Ban Pae to Bangkok

The tiny bus depot at Ban Pae smelled like septic fish or a filthy woman’s menses. The water at the docks didn’t. The beach where the fish were poured out of nets didn’t. The depot did. It made him feel dirtier. He sat on a cement bench, trying not touch it with any part of himself or his clothing that was unnecessary. His back ached from this pattern of awareness. It was unlike Koh Samet just an hour before where everything had been so comfortable, so easy until the end. It was how he’d spent the whole week in Bangkok; in the avoidance of recline.

The bus was late. It made him mad. He hadn’t cared before how fast he got away from Thailand. It had taken effort. Because the bus was late he began to care. He went to the bathroom. It cost three baht. It was like a set out of a bad sci-fi movie. There were fat greasy cobwebs strung from wall to crumbling wall. Little light filtered through the boarded, chicken wired, and glassless window frames. He wouldn’t have been able to walk all the way in if he hadn’t had to urinate so badly. He wanted booties, goggles, gloves, and a tetanus shot just to stand there as long as it took. He didn’t breathe. He went back and rinsed his hands with the end of his drinking water.

The bus pulled up and let the passengers out. It let Angelo and the others on after twenty minutes. It was air-conditioned. Which meant that it was only distressingly hot, and not quite suffocating. More than a mild distinction to him and worth the twenty additional baht. He’d found himself thinking of ways to save five baht here and there. Five baht was scarcely more than a dime. It didn’t register to him. He only knew that five baht was a good chunk of money. It could buy a skewer of vegetables and chicken or a liter of water.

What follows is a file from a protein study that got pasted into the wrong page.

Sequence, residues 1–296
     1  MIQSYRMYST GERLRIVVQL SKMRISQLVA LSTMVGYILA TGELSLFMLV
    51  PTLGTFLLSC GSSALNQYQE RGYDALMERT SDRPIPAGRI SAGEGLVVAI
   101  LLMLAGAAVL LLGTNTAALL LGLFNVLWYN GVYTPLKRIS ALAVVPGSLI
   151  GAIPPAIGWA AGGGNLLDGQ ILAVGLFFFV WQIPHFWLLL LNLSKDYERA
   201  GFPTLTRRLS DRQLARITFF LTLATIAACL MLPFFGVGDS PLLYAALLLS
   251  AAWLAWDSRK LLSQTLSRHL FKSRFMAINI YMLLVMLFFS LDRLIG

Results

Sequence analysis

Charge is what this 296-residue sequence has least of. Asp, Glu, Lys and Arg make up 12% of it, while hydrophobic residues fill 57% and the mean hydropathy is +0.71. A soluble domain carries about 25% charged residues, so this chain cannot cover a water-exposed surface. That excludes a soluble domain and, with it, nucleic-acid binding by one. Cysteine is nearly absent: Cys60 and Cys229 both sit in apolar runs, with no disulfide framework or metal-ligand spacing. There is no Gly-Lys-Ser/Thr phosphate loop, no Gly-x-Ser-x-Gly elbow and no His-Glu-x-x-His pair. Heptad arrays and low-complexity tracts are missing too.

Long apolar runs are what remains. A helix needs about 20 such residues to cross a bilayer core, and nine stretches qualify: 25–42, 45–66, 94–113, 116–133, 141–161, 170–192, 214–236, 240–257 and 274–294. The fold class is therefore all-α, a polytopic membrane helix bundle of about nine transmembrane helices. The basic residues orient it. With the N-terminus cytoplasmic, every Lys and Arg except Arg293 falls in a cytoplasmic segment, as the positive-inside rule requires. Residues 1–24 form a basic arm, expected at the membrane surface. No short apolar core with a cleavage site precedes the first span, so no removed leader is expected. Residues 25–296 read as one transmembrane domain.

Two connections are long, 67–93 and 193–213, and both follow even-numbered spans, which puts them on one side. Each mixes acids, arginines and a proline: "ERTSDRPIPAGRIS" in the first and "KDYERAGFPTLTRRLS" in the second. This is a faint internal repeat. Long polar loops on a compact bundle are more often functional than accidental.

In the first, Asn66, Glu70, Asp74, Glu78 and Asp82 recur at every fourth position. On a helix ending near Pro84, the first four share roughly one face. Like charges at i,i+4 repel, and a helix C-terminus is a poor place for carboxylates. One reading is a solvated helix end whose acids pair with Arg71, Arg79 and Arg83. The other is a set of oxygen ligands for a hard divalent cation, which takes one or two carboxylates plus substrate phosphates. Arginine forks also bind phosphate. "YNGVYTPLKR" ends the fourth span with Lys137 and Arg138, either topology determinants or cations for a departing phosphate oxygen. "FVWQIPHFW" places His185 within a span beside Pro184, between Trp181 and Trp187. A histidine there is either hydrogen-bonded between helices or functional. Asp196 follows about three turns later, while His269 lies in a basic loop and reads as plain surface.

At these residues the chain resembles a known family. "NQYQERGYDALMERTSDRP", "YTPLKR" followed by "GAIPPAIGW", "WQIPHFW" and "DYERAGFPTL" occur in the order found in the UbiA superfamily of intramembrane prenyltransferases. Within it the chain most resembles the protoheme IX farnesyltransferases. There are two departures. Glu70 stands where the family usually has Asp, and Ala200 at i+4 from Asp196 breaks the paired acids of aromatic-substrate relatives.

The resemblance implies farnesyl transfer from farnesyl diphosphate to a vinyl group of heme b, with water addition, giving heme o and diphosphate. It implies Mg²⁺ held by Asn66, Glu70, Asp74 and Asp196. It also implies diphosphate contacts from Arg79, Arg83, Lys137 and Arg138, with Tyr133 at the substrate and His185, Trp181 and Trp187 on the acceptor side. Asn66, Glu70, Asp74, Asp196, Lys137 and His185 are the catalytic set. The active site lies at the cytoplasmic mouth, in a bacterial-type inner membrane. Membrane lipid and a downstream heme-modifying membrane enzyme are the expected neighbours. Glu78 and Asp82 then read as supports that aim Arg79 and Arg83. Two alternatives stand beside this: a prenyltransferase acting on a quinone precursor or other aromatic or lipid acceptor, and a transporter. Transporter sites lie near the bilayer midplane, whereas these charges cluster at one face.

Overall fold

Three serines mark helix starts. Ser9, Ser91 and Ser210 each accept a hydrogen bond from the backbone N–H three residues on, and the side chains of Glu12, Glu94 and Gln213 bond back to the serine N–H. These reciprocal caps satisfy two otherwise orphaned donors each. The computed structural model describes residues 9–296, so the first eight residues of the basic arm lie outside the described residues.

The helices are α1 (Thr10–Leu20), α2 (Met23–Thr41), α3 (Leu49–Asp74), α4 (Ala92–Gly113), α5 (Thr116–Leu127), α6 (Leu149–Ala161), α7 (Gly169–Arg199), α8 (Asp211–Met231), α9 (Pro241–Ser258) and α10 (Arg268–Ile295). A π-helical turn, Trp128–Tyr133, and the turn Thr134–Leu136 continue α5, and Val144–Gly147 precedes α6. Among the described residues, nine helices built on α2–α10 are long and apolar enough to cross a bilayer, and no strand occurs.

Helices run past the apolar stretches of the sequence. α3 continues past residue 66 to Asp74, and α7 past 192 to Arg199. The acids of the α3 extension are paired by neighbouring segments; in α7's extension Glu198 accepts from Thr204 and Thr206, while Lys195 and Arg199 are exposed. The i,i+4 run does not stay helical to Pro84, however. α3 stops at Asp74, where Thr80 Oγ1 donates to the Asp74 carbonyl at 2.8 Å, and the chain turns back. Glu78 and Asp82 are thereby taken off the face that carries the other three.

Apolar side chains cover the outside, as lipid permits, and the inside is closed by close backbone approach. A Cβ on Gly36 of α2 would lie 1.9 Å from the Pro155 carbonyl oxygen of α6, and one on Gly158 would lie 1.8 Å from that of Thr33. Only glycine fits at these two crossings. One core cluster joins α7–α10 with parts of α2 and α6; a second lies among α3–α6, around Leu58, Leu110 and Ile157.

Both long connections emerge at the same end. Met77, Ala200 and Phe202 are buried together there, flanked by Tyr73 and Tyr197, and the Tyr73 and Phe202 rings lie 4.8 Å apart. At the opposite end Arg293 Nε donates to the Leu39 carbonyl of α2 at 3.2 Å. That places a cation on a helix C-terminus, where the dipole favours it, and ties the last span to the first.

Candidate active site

He realized on the bus that he was sick. He thought it was going to be okay. He casually tried to decide if it was breakfast, lunch, the water, or something airborne he’d picked up. He thought he could last two more hours to Bangkok. He watched the dull countryside remain dull mile after mile. An hour later it was dicey. He broke out his bathroom bag and drank eight ounces of pink bismuth. He’d carried that bottle for two years in Asia and never opened it. He emptied it and started breathing in through his nose and out through his mouth and focusing on his grip on the arm rests, not his abdomen. He had beads of sweat standing on his forehead. The airconditioning started to be too much.

His hands were tingling. His face was long numb and cold. When the bus finally reached Bangkok the traffic was gruesome. The trip had just received an additional hour and Angelo knew it. As long as he didn’t move though he was status quo. He held onto that.

He managed, with the effort of a lifetime, to make it to the bus station bathroom. He threw his bag in a sink and hit a stall. Everything in his stomach and bowels exited him simultaneously and with great force. He’d known both were likely. He’d never known they could happen at the same time, let alone were going to in this instance. He made it to squatting over the toilet in the floor but his vomit drenched the stall door. And by the third jet and last of it, he was a mess also.

A few minutes passed. He managed to stand, shaking like a junky. He had to attempt a step before he remembered his pants were down. He took them off. There was no point in pretending they could be cleaned up.

There were several men in and out of the bathroom. It was humiliation he could feel later. He was too sick to care just then. He stuffed his pants and underwear in the trash. He wiped himself down with some water and a handtowel, out of his bag, which he also threw away. He put on his swim suit, because it was thick, and his loose jeans. He took off his shirt. Men were staring. He wiped the vomit off his arms, mouth, and hands with the clean parts of the shirt. He threw it away too. He rinsed in greasy and reddish water. He put on another shirt he dug out of his bag. He rinsed his mouth with some toothpaste and swallowed it.

He went across the street and sat at a bus stop bench breathing dizzying carbon monoxide for an hour. When he felt strength enough to move again he caught a cab and asked to be taken to Khaosan Road where he got a room and slept for fourteen hours.

It was Christmas day.

«·Koh Samet · Catching up with the Lists·»
©1988–2007; all rights reserved